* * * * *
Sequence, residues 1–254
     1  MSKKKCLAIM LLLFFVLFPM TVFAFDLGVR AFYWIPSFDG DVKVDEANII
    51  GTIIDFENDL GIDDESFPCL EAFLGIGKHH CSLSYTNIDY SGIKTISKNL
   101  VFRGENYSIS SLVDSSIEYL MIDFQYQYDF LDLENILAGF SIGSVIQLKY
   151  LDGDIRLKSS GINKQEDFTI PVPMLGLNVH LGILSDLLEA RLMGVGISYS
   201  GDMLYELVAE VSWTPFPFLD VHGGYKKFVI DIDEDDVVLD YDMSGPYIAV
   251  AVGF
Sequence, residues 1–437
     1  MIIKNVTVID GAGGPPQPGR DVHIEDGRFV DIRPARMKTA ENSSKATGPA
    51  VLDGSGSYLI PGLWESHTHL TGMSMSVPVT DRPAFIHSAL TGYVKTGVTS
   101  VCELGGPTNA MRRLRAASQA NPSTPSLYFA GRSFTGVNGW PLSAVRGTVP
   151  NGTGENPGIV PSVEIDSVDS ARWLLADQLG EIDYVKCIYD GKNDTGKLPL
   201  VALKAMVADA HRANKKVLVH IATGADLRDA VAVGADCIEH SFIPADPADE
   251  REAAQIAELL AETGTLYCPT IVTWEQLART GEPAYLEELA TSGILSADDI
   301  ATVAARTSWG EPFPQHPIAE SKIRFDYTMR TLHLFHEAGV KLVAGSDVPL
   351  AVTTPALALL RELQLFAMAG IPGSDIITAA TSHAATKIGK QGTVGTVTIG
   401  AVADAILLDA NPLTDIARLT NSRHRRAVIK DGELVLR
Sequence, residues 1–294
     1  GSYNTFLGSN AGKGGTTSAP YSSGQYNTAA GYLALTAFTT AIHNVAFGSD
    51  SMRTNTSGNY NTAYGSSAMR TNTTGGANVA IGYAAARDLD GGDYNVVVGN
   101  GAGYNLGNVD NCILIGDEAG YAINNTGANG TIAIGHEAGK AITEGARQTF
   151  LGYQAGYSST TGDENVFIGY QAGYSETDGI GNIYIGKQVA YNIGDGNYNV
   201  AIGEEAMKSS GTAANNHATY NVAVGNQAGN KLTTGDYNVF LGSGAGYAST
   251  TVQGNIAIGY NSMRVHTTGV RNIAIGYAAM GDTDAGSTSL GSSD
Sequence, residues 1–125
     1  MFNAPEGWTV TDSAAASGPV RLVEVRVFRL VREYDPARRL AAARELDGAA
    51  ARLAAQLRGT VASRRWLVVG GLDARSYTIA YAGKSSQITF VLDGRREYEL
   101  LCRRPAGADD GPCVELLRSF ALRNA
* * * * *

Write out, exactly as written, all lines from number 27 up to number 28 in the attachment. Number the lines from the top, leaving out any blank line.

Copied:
    51  ARLAAQLRGT VASRRWLVVG GLDARSYTIA YAGKSSQITF VLDGRREYEL
   101  LCRRPAGADD GPCVELLRSF ALRNA